I’ve long been fascinated with airplanes, going back to some of my earliest memories when I was four, and living in Albuquerque. In World War II, my dad had been in the Air Force, (or to be technical, the Army Air Force as it wasn’t a separate service back then), and there must have been times when he showed me photos of various aircraft, usually military, in books and told me their designations. That must have stuck, as I remember him taking me to an air show at the Kirtland air base in Abluquerque and me being able to identify several types on sight. My favorite was the B-36 bomber, one of the largest and most distinctive looking planes ever built. It was huge by any standards, and when you’re only four it’s even more impressive.
Other times we would go to the civilian airport, (which was adjacent to the air base), and sit on an adobe wall to watch the planes come and go. Those incidents sparked a life long interest in aviation and aviation history. Although my mom had her reservations the first time I actually flew.
Her father in Indiana was very ill, so mom flew back to be with him at the end. Since I had never met him, she took me along. I’m sure if they knew the circumstances, people in the airport would have thought that was a sweet gesture, taking a little boy to meet his grandfather for the first and sadly, last time.
Well, that was until we were getting ready to board. This was back in 1958, and the first jet airliners were coming into service. I spotted a gleaming Boeing 707 outside a terminal window, and asked mom if we could fly on it. She said no, and pointed to our plane, a propeller driven Lockheed Constellation. But I was persistent. So was mom. So I pitched a temper tantrum. Back then the pilots often greeted passengers as they were getting ready to board. Mom still reminds me of the glares she was getting from ours as I screamed, ‘I don’t want to fly on the old rattletrap, I want to fly on that new jet."
At this time I was a much more mature five year old, but still concepts like flight schedules, etc., didn’t come to mind. So mom reluctantly dragged me on board anyway. My mom doesn’t drink but she may have been sorely tempted that day.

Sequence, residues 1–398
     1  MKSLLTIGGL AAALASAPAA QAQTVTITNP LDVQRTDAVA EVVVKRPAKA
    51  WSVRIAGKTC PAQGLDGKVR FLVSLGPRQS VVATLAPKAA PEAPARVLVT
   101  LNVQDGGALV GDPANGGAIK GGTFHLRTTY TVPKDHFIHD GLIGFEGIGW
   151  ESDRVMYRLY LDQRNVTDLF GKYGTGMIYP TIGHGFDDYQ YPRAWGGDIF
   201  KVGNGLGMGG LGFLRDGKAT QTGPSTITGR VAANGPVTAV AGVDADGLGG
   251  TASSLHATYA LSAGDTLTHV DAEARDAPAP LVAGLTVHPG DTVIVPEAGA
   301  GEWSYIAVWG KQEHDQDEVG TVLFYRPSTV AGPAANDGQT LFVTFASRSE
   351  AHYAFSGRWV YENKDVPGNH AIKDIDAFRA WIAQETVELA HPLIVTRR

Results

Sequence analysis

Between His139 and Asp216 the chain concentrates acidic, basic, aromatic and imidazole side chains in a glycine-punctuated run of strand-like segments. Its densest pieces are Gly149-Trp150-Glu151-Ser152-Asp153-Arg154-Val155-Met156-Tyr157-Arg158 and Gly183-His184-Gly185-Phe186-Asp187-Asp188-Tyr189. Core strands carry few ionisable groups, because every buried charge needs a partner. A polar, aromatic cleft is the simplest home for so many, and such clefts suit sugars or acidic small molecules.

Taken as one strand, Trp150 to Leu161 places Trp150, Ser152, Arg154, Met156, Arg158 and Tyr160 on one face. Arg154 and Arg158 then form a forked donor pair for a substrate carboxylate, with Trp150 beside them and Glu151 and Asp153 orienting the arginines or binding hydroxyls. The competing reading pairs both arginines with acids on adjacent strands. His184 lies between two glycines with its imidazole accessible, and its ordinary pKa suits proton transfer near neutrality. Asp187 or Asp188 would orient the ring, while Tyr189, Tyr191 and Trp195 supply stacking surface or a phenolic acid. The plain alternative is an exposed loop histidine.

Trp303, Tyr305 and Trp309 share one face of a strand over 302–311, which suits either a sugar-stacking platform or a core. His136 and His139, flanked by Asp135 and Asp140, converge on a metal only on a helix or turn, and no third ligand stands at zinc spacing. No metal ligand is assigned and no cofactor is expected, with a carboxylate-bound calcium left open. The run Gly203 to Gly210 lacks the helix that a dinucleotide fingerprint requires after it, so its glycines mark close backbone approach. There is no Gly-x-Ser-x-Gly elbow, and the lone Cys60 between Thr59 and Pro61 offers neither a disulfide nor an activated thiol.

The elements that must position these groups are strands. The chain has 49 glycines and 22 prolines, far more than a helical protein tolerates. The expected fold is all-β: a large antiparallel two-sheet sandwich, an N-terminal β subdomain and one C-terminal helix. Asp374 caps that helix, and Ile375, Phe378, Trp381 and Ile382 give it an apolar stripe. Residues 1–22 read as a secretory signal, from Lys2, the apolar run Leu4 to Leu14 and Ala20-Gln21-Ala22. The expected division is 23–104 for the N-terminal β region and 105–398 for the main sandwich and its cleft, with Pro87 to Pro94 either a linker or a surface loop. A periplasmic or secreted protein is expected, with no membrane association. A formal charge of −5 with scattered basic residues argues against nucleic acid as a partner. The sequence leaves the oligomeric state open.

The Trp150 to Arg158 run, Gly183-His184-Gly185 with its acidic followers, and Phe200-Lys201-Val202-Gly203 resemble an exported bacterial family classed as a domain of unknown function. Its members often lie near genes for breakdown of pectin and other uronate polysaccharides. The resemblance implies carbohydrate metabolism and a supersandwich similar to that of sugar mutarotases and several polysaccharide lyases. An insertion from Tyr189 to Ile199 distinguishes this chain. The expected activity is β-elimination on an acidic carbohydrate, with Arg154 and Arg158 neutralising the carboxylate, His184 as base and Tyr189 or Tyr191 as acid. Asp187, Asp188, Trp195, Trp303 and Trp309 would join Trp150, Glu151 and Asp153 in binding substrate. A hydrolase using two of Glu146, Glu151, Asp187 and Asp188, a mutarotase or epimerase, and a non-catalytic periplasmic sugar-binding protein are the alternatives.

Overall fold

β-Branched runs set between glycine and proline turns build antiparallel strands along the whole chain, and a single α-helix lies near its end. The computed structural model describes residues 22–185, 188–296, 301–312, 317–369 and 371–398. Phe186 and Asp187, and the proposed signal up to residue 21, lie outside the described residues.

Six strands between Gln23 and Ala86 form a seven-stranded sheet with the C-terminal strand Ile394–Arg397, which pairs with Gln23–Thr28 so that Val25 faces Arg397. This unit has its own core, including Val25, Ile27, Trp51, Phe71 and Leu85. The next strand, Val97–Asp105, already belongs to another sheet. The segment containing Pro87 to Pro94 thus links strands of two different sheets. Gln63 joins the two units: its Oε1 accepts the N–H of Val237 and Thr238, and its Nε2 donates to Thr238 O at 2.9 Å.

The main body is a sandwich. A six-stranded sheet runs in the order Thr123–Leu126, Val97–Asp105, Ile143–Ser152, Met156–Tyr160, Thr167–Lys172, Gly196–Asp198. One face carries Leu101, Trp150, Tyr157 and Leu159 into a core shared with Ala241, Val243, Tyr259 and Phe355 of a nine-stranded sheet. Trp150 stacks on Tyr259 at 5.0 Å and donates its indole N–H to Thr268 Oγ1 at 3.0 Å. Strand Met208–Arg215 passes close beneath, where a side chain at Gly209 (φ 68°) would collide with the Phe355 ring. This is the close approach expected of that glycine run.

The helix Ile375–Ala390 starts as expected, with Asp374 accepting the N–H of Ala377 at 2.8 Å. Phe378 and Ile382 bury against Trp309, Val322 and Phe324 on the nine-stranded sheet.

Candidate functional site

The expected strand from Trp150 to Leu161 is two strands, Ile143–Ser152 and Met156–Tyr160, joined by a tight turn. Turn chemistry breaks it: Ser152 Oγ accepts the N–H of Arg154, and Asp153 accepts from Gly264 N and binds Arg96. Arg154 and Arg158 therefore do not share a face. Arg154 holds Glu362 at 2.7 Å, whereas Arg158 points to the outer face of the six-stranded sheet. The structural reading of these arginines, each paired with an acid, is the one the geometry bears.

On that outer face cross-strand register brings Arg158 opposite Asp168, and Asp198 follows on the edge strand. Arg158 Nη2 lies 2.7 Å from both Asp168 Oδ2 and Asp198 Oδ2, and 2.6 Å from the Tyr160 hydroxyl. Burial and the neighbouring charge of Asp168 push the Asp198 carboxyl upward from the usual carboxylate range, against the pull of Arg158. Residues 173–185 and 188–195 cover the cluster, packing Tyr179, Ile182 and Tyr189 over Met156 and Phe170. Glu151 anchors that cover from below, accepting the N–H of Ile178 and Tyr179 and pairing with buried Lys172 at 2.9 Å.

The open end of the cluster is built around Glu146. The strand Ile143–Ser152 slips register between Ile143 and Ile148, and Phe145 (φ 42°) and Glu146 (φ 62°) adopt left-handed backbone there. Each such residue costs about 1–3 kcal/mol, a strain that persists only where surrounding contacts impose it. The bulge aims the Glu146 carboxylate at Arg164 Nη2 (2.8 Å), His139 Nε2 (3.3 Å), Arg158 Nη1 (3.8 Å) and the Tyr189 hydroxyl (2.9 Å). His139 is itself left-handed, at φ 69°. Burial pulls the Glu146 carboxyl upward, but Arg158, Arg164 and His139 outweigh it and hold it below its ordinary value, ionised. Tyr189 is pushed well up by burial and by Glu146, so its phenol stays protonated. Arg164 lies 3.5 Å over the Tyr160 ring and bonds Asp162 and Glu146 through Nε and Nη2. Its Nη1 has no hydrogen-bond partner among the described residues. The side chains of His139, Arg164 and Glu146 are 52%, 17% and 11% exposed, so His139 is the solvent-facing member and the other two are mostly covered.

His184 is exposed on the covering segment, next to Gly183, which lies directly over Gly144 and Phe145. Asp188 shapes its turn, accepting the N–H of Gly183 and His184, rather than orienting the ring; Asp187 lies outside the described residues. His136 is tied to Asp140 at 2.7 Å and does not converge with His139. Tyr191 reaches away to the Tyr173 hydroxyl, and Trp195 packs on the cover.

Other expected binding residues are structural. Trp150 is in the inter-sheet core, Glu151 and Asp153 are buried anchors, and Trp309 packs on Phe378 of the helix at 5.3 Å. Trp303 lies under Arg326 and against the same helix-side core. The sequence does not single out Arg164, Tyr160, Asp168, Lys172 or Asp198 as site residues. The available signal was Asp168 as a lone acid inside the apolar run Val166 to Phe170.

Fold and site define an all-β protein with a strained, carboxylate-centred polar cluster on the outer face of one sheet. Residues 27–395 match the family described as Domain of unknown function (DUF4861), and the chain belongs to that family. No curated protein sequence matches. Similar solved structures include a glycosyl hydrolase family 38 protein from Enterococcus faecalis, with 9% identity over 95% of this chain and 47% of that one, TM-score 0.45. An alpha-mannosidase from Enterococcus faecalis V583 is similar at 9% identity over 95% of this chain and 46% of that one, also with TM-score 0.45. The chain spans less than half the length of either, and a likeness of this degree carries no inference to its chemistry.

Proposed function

Later in life I would take myself to air shows and was delighted that a job assignment to Washington, DC in 1990 meant easy access to the Air and Space Museum. But the ultimate aeronautic experiences were the pair of trips dad and I took to the Air Force Museum in Dayton, Ohio. If it had flown in the Air Force, it was represented, including the first B-36 I had seen since Albuquerque. And yes, it is still a very impressive plane.
But the highlight was a display of the B-29 bomber of the type dad flew in during the war. In addition to a complete famous one hanging from the ceiling, there was an open fuselage you could walk into. Dad became like a kid in a candy store. He dashed from station to station, pointing out what was what, and then sat in his radio operator’s seat. He got this far away look as though his old crewmembers had reappeared. He would mention them by name, “That would be Roy from New York in the navigator’s chair, and Tom from Ohio was our pilot.” Then his voice would tail off, and he added, “This sure brings back some memories.”
These were memories I could scarcely comprehend, never having even being in the military let alone combat. But the emotions in dad's face and eyes at those times were overwhelming, and you know they went to the depth of his soul.